The still, murky waters of the Lee Navigation may provide a bucolic escape for some, though they are far from immune to the vicissitudes of city life.
Pollution has taken its toll on plants and wildlife, hulking new-builds cast shadows over the banks of the water, while boat dwellers on this 45km-stretch, running from Hertfordshire through East London to Limehouse Basin, are finding permanent moorings increasingly difficult to come by.
Photographer Sam Napper is trying to make permanent records of life on the Lee Navigation as it is now. His Leaside photography series goes on display this month at Leyas in Camden.
“It’s a wilderness in London and the other canals are not like that,” says the 29-year-old, a keen explorer of the canals who moved to East London five years ago.
“As you get further out of London the Lee Navigation becomes more rural, even though it’s still in London, whereas Regent’s Canal and the other ones are very urban spaces.”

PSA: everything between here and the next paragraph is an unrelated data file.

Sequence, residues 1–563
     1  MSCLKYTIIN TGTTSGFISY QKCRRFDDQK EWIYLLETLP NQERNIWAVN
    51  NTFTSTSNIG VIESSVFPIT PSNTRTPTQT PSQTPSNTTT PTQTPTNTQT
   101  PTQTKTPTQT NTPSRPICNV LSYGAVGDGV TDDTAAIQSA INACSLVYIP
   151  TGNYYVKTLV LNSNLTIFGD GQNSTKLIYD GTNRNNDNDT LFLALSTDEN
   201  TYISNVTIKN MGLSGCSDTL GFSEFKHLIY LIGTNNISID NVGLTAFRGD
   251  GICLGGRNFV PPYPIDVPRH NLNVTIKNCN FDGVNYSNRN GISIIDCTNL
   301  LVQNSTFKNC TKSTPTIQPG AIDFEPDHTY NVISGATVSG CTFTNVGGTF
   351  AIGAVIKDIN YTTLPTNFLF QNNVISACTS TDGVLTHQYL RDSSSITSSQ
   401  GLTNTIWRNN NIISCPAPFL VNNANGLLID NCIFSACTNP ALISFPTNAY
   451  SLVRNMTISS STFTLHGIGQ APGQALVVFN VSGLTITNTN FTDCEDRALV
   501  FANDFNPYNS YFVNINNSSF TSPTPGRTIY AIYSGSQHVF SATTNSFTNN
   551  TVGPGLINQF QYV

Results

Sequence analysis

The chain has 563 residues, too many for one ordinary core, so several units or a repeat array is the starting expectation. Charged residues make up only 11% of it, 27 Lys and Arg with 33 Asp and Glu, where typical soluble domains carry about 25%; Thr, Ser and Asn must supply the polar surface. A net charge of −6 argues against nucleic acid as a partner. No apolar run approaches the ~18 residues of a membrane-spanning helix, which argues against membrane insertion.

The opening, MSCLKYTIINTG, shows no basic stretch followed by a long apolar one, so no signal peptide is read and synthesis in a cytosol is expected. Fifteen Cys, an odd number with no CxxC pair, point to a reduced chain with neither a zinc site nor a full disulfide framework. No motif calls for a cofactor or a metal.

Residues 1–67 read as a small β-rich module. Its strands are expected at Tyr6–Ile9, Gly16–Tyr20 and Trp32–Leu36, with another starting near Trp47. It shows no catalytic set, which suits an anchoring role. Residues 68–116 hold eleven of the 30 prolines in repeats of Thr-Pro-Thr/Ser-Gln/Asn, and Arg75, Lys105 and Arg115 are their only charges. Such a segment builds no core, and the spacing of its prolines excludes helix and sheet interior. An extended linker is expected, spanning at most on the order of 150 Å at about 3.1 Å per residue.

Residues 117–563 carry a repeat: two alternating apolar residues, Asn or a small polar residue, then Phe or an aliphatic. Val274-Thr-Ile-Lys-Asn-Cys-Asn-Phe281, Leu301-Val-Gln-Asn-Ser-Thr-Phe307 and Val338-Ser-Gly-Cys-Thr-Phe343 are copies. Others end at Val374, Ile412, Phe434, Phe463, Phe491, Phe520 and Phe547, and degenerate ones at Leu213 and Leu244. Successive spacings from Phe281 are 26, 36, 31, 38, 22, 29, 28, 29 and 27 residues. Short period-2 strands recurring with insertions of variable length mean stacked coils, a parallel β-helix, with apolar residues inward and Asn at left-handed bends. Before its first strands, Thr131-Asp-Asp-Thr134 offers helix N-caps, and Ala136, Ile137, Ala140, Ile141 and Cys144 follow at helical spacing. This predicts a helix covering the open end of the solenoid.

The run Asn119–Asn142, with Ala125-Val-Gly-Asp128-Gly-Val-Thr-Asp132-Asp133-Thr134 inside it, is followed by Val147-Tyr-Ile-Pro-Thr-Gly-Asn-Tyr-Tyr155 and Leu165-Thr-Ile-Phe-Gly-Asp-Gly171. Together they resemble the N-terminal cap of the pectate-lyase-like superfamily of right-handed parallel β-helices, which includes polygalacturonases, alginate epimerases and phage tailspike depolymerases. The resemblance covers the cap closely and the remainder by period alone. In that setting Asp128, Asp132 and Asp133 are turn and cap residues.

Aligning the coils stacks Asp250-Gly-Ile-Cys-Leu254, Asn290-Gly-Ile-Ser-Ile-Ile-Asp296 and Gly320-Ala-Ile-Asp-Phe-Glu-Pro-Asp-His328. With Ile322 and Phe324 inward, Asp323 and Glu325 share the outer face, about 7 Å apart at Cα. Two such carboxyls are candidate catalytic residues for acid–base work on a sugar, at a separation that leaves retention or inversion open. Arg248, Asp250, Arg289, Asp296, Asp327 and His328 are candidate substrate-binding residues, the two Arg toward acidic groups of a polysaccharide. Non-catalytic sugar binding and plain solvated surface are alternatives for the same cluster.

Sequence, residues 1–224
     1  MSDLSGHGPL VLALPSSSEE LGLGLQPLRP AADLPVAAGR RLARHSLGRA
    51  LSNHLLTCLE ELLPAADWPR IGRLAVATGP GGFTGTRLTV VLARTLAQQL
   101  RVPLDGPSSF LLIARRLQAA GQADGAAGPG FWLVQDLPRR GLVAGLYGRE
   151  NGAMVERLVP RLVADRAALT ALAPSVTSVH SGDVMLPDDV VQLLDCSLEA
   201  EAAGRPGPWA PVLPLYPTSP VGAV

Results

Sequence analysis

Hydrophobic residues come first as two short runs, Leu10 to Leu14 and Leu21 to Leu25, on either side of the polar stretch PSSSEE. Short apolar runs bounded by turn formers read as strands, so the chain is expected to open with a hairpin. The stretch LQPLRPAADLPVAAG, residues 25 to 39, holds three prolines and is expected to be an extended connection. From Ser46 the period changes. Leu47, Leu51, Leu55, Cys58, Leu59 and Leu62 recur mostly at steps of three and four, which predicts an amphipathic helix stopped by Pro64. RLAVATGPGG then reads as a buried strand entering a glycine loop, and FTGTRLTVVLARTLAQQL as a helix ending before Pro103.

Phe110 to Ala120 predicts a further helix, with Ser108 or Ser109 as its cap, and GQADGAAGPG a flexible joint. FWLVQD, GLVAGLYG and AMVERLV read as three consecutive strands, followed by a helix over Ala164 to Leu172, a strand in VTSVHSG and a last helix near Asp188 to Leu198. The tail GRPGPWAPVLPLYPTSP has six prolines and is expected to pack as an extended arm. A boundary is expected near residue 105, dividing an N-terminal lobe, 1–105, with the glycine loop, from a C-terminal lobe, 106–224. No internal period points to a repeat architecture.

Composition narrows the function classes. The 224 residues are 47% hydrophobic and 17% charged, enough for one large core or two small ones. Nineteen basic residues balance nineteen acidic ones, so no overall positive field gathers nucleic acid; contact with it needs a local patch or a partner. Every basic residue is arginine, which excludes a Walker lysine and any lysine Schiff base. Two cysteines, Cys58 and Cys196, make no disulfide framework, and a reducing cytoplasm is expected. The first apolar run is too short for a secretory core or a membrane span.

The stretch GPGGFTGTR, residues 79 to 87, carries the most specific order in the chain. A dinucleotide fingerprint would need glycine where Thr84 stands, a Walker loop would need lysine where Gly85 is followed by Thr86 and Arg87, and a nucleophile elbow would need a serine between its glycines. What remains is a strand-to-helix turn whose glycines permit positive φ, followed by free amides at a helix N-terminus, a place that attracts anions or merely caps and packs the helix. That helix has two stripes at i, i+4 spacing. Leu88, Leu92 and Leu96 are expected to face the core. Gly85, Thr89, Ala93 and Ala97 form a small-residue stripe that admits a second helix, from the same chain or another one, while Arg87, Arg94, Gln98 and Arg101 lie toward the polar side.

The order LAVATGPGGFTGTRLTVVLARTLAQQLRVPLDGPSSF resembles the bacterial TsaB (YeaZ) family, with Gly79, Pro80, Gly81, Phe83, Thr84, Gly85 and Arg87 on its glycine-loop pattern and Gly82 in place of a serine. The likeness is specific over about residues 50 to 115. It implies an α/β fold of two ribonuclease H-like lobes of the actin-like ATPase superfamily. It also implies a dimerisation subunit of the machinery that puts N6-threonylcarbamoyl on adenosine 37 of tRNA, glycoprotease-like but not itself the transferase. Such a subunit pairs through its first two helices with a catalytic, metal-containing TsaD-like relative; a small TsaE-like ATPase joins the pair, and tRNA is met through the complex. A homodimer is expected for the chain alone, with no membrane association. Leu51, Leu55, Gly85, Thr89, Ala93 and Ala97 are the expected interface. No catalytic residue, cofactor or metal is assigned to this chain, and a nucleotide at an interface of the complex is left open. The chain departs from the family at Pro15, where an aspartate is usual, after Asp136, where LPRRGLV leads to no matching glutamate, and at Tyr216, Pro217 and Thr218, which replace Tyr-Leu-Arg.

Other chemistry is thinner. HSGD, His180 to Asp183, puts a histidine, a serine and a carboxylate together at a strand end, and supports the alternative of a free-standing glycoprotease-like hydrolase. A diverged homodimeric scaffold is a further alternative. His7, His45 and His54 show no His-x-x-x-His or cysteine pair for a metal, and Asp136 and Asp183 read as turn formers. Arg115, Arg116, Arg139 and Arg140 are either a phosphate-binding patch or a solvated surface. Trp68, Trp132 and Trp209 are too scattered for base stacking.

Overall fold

After spending weeks on the towpath taking photographs, Napper developed a rapport with some of the people living on boats.
“A lot of the people I met were complaining about licences being removed, mooring spaces being privatised… a lot of people were upset but my slant is that it’s a way of life to be celebrated.
“One guy who moved there with his family has just celebrated his first year on the canal. He said to me that you know you can ‘do a canal’ when you’ve done a full season, because winter is so harsh.”
Napper’s photographs capture life on the canal in all its variety, from the joggers and plushy marshland to the bankside remains of Britain’s industrial past.
“It’s a real mix of people in there and I’m not coming from it just from the point of view of people on the canal boats. They’re a big part of the community but it’s just as important for people who want to use it for leisure,” Napper says.
A film and TV producer by day, Napper describes his photography style as “reportage” and observational.
“I really like finding a unique subject and trying to make it isolated and symmetrical so it feels like a whole new environment that no one’s ever seen before,” he says.
Saturday 15 August
20 Camden High Street